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South Korea's Low Birthrate Crisis Prompts Government to Introduce Matchmaking Services To Encourage Citizens to Get Married and Have Children

by Therese Agcopra / Oct 20, 2015 02:54 AM EDT
South Korean government resorts to measures to improve country's population. (Photo by Chung Sung Jun / Getty Images)

With South Korea's fertility rate set for an alarming decrease, the government has introduced another measure to counter the crisis. Other than offering new benefits such as free diapers and dried milk for women, government-sponsored matchmaking services will soon be made available to encourage individuals to get married.

The South Korean government announced Sunday its plan to open more opportunities for future spouses to meet through organized meetings and cultural events, Korea Herald reports Oct. 19. The program is expected to go into full swing in 2016.

Korea's current fertility rate stands at 1.21 children per woman, which is even lower than Japan's. The Nation Multimedia reported May  23, 2015 that South Korea's population may begin its decline in 2030 after reaching its peak at 52.16 million people.

In 2014, South Korea recorded only 8.6 babies per 1000 citizens, the country's lowest number since they began keeping records in 1970, Wall Street Journal wrote Aug. 26, 2014.

Looking at the current birthrate, nearly 15 percent of South Korea's population will already be at least 65 years old in the year 2018. The figure will rise to 50 percent by 2100. South Korean's might even reach natural extinction by 2750 if the figures do not improve.   

However, the government's frantic measures to counter the problem are also receiving criticism from experts.

"Dating is one of the most personal activities in anyone's life," Korea Institute for Health and Social Affairs researcher Cho Sung Ho tells Korea Herald. "It's questionable if it is appropriate for the government to get involved in the dating lives of its citizens. When the state is encouraging the young population to get married, what is it saying about those who opt not to get married?"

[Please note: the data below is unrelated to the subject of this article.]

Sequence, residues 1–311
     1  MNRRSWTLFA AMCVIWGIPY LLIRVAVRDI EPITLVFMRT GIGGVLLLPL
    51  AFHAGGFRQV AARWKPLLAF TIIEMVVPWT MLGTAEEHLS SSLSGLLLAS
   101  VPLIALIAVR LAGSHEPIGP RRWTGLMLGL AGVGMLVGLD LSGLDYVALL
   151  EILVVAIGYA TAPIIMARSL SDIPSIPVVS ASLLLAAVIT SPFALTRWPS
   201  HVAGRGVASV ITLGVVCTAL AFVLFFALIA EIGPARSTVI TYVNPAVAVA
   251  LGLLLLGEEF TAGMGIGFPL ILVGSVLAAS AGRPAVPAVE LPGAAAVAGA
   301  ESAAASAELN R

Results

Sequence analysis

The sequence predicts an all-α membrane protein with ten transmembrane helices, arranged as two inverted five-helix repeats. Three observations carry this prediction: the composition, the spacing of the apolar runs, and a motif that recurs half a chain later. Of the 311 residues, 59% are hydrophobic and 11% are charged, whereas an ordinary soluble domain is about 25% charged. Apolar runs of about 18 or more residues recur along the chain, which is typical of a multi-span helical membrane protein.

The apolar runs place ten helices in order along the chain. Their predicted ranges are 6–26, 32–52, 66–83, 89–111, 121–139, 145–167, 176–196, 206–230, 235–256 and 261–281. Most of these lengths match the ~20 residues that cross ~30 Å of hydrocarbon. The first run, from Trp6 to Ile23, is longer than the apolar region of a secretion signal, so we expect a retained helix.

Among the reasons why Koreans are delaying marriage include the number of youngsters who prioritize their education and career over settling down and forming a family. The expensive cost of child care and housing is also a crucial concern.

Critics say the problem with the government's population boosting policies is that they are not conscious of changing cultural norms and the social circumstances faced by younger Koreans.

Paik Young Gyung, anthropology professor at Korea National Open University, says "We are living in a world where people have different values, such as individual happiness. When an individual wants to not get married or not have children, for whatever reasons he or she may have, that decision must be respected."

She further adds, "What the fertility rates show us is that life is difficult for the majority of Koreans right now. Getting married and having children shouldn't be such big deals as they are in Korea today. The ideal society is where an individual feels that getting married and having children are something natural, rather than something that requires a lot of work and sacrifice."

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